Germany and France are two flourishing AI hubs, but the UK has been named the European AI “powerhouse” in a new report from London-based investment firm MMC Ventures.
Published earlier this month, the analysis sheds light on the hype around the technology, but identifies healthcare as an area of increasing focus for AI entrepreneurs as systems start to embrace emerging technologies.
Out of around 1,600 European early stage AI software companies, 21 percent are said to be focusing on health and wellbeing.
Meanwhile, the UK is dubbed the “heartland of European healthcare AI”, and the research suggests this is due to a variety of factors, from having universities that are world-renowned for medicine and teaching hospitals, to what is described as the “flywheel” effect of companies like DeepMind, Babylon or Benevolent AI, which are “simulating, attracting and recycling talent, capital and commercial engagement in the UK ecosystem”.
And although engaging with the NHS is still perceived to be “challenging”, the analysis indicates that early stage companies can now benefit from a wider range of “accessible deployment opportunities”.
Health secretary Matt Hancock outlined today in a message to delegates at the Digital Health Technology Show in London his ambition to “make the UK the best place in the world to start and grow a health tech business”.
“As a system, we don’t make life easy enough for health tech innovators. Promising prototypes get stuck in endless pilots, while the giant incumbents plough on with their multi-year contracts,” he said, adding that “something has to change”.
The secretary pointed to the creation of a new unit called NHSX, announced earlier this year, which will bring together the tech leadership into “one decision making point”.
Separately, funding agency UK Research and Innovation unveiled towards the end of February plans to support 1,000 PhD students use AI technology not only to tackle healthcare challenges and climate change but also identify new commercial opportunities.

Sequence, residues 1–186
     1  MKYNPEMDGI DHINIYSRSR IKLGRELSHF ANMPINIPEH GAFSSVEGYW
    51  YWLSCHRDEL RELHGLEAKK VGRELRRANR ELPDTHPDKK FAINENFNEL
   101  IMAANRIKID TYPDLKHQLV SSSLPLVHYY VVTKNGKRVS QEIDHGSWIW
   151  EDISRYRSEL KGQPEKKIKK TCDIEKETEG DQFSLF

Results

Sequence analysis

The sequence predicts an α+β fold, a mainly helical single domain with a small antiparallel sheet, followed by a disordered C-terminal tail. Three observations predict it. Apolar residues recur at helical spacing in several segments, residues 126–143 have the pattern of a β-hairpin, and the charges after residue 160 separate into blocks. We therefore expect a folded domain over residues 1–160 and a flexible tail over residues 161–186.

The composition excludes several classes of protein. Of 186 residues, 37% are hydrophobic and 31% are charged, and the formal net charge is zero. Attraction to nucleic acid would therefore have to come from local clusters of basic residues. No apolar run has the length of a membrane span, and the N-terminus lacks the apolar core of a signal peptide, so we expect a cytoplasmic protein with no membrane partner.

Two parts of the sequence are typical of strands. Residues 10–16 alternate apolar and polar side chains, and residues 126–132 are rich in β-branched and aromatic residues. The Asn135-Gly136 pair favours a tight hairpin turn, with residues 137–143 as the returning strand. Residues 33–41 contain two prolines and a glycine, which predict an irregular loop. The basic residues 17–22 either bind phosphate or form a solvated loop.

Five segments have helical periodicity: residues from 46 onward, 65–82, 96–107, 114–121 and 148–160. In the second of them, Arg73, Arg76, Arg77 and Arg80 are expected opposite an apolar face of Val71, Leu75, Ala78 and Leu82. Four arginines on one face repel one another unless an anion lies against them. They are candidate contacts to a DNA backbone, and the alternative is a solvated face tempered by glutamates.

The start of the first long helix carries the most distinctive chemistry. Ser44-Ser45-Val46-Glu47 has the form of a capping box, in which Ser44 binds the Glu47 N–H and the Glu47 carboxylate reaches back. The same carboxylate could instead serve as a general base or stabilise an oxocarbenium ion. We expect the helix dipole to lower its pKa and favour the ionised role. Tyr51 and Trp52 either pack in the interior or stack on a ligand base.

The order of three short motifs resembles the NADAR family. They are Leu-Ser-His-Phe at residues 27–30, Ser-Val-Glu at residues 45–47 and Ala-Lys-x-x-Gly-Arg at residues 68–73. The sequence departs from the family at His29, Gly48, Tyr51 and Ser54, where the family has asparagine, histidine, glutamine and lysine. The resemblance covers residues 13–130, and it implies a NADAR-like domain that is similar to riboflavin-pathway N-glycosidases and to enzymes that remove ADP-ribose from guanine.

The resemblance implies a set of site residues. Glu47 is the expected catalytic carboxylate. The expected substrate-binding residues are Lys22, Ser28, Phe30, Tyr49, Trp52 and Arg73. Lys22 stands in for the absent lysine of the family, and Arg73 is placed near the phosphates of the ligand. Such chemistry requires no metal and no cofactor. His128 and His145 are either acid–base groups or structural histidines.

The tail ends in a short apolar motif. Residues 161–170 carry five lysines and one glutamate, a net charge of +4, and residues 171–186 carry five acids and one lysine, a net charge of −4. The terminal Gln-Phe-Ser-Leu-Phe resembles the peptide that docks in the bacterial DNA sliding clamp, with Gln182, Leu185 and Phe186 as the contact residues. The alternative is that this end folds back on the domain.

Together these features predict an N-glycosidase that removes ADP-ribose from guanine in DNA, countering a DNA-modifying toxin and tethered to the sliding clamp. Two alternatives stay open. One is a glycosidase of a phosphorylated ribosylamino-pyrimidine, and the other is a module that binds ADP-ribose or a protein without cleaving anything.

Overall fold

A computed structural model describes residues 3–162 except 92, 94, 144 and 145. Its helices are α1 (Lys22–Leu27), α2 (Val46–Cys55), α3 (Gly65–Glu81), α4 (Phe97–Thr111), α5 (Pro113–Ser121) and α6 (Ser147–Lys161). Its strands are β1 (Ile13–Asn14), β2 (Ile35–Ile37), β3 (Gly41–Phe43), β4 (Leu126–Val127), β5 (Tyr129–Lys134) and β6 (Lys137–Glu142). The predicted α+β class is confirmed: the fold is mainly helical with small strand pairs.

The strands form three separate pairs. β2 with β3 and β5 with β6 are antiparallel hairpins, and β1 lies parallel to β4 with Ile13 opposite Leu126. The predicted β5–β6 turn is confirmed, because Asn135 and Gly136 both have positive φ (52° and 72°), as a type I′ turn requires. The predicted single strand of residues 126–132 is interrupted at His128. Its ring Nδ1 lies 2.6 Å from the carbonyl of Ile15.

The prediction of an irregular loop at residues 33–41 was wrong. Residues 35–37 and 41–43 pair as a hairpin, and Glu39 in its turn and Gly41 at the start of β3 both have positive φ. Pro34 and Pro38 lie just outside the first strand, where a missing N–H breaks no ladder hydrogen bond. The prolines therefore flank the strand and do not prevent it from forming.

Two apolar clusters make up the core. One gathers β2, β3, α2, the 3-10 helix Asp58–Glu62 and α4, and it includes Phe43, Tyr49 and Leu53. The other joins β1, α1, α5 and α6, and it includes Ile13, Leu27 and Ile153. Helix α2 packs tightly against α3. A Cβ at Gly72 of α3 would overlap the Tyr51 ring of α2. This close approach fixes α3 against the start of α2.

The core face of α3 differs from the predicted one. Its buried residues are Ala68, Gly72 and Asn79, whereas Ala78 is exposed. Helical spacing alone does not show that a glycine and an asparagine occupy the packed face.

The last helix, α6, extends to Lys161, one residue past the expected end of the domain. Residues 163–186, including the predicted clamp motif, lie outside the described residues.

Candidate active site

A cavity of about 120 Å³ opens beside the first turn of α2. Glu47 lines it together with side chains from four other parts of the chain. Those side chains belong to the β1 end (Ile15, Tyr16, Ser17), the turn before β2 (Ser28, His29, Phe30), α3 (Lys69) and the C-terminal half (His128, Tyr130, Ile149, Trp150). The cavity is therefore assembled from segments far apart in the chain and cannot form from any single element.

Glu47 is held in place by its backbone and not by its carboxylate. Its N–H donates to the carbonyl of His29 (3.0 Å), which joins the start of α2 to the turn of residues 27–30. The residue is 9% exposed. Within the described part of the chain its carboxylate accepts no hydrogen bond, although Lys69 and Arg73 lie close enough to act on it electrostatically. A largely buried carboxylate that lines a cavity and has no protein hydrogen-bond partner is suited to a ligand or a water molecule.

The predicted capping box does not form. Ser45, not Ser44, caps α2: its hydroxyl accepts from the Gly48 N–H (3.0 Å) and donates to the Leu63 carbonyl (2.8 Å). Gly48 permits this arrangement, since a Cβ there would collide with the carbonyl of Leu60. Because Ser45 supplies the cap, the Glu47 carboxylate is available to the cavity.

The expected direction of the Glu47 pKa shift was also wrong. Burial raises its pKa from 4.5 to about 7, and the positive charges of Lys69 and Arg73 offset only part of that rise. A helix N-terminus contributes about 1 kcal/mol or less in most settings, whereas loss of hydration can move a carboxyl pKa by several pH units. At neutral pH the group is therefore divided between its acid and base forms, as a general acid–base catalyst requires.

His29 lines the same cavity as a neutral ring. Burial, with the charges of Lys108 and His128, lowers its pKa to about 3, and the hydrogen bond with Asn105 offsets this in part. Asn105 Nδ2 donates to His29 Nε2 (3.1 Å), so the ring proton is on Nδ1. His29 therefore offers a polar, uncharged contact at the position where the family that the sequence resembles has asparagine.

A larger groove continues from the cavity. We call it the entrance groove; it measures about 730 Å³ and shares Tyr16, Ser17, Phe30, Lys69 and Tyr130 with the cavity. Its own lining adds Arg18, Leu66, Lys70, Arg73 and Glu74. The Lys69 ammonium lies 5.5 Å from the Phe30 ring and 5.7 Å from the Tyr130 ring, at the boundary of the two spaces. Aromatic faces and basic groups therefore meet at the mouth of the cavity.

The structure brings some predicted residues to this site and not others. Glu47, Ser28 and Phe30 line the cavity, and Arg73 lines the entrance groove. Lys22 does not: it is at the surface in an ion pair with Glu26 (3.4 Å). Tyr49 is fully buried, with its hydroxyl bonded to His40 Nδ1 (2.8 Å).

They will be trained at 16 new Centres for Doctoral Training, hosted by 14 universities in the UK, working with partners that include NHS trusts and companies such as Google and AstraZeneca.
No question “about the hyperbole” around AI
According to the MMC report, one in 12 new startups in Europe now put AI at the heart of their operations, compared to one in 50 six years ago.
However, after reviewing the activities, focus and funding of 2,830 “purported” European AI startups in 13 EU countries, no evidence of AI “material” to their value propositions was found.
These startups are not necessarily portraying themselves as such, MMC Ventures partner and head of research David Kelnar, author of the report, told Forbes last week, but are rather classified this way by third-party analytics websites, and these labels were not being corrected.
In an interview with Healthcare IT News on his new book Deep Medicine: How Artificial Intelligence Can Make Healthcare Human Again, Dr Eric Topol, founder and director of the Scripps Research Translational Institute, said “there isn’t a question about the hyperbole” around AI.
“[…] I deeply review that in the book [mentioned above]: We’re long on promise and short on validation – on real data, on readiness for use.
“So that’s the main point, that if we really go after this, and embrace the potential and do it right, we can get over this hype phase and really get into changing the future of healthcare in a very meaningful and positive way,” Dr Topol said.